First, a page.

Boka under probe over North Korean ties

GOVERNMENT has approached businesswoman Rudo Boka to explain her alleged dealings with North Korea as Harare comes under immense pressure to comply with inquiries from the United Nations (UN) Security Council over the rogue Asian state.

By Wongai Zhangazha

Boka is one of the directors of a company registered as Mansudae Boka Design Company, whose other directors are North Koreans.

In an interview this week, Foreign Affairs and International Trade permanent secretary Joey Bimha told the Zimbabwe Independent that government had made progress in investigating the matter.

A report dated September 5 2017 reveals that a United Nations Panel of Experts wrote to government officials demanding to know the operations of North Korea’s Mansudae Overseas Project (MOP) Group of Companies.

According to United Nations Security Council Resolution 2371 adopted on August 5 last year, the company allegedly funds the North Korean regime, which is accused of threatening international peace and security through its nuclear armaments.

Mansudae Boka Design Company says it is into the manufacture of jewellery, mainly gold and silver rings, and badges, brochures, buttons and rank medals for the military, while Mansudae Overseas Project Group of Companies is reportedly well-known for “construction-related activities, including statues and monuments to generate revenue for the DPRK government or the Workers’ Party of Korea”.

MOP, through its company Mansudae Art Studio, was involved in the construction of Zimbabwe’s National Heroes’ Acre, including the Statue of the Unknown Soldier. MOP also constructed the late Vice-President Joshua Nkomo’s statue.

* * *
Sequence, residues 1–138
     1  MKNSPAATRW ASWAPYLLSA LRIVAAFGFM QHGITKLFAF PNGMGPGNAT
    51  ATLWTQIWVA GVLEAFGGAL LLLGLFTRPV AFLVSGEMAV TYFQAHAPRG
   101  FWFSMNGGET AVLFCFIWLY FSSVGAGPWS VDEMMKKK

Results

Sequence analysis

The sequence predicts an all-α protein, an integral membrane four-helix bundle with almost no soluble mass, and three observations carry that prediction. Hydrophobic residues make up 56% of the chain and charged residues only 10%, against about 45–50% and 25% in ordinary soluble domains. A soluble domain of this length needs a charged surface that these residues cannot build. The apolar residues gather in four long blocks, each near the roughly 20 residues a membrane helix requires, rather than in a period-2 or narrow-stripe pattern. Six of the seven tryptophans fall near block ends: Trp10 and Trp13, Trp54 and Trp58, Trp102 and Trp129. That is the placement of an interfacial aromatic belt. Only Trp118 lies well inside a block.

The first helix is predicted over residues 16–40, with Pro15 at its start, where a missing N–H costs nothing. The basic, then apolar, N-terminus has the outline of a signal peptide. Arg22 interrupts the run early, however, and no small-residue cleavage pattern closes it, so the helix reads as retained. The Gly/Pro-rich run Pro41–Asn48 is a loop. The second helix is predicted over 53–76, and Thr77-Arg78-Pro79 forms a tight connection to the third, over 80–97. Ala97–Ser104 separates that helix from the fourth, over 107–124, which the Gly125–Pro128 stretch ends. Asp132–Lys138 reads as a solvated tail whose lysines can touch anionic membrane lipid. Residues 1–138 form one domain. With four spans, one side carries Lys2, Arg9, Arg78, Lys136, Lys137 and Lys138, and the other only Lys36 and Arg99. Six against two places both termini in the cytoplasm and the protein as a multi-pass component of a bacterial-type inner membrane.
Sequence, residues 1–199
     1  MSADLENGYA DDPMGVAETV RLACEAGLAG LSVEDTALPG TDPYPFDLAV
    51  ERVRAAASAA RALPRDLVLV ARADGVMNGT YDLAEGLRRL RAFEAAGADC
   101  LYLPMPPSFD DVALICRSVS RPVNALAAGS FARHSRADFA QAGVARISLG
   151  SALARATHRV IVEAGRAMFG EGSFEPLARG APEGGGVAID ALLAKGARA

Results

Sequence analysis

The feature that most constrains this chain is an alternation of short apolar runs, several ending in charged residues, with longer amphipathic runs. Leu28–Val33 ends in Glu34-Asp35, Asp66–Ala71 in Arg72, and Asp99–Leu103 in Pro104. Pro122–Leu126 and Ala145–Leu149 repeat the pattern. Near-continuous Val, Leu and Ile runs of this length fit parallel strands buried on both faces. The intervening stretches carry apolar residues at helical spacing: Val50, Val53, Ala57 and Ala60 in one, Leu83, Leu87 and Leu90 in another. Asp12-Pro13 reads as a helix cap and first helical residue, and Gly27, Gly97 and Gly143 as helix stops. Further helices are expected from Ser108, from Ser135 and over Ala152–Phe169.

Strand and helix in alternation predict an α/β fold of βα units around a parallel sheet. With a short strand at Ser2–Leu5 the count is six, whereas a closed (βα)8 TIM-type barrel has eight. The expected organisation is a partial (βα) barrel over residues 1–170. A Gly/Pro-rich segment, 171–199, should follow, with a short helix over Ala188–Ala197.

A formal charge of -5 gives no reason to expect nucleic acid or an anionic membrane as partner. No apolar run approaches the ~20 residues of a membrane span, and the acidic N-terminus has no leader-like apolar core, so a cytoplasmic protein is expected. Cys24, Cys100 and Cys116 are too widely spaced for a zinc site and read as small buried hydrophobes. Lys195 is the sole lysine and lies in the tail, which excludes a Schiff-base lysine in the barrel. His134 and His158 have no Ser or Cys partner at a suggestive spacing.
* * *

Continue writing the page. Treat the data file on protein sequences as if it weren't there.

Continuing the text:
Boka has denied any links with the North Korean company, arguing it was a case of mistaken identity and mere coincidence that her company had North Korean directors and shared the same name prefix as Mansudae Overseas Project Group of Companies.

Bimha this week said: “Our information is that we do not have North Korean companies operating in the country. The only company we discovered working with North Koreans is Rudo Boka’s Mansudae Boka Design Company. We learnt that the company has two North Korean directors and we approached her about it.

“Rudo Boka said she was going to change the directorship of that company. She is in the process of doing that and we will be monitoring that.

“We have also checked and monitored names of North Koreans in the country since last year. The government of Zimbabwe will comply with the UN resolution on this issue.”

Mansudae Boka Design Company has three shareholders, Rudo Boka with 6 000 shares, and the two North Koreans, Hyo Song Pak and Kyong Chol Yun with 7 000 shares each. Rudo Boka is also registered as the company secretary.

UN Resolution 2375 proscribes existing joint ventures between North Koreans, whether at government level or not, with nationalities of other countries.

If investigations by the UN establish that Zimbabwe continues to assist or is doing business with North Korea, the southern African country or local companies dealing with the east Asian state run the risk of having their assets frozen.

By the end of last year, compulsory UN restrictions banned virtually all North Korean exports, including all coal, iron and iron ore, lead and lead ore, textiles, seafood, heavy machinery, electrical equipment, and agricultural products.

UN member states are also required to repatriate nearly all North Koreans currently working abroad within two years and are prohibited from renewing existing work permits and issuing new ones to North Korean nationals.

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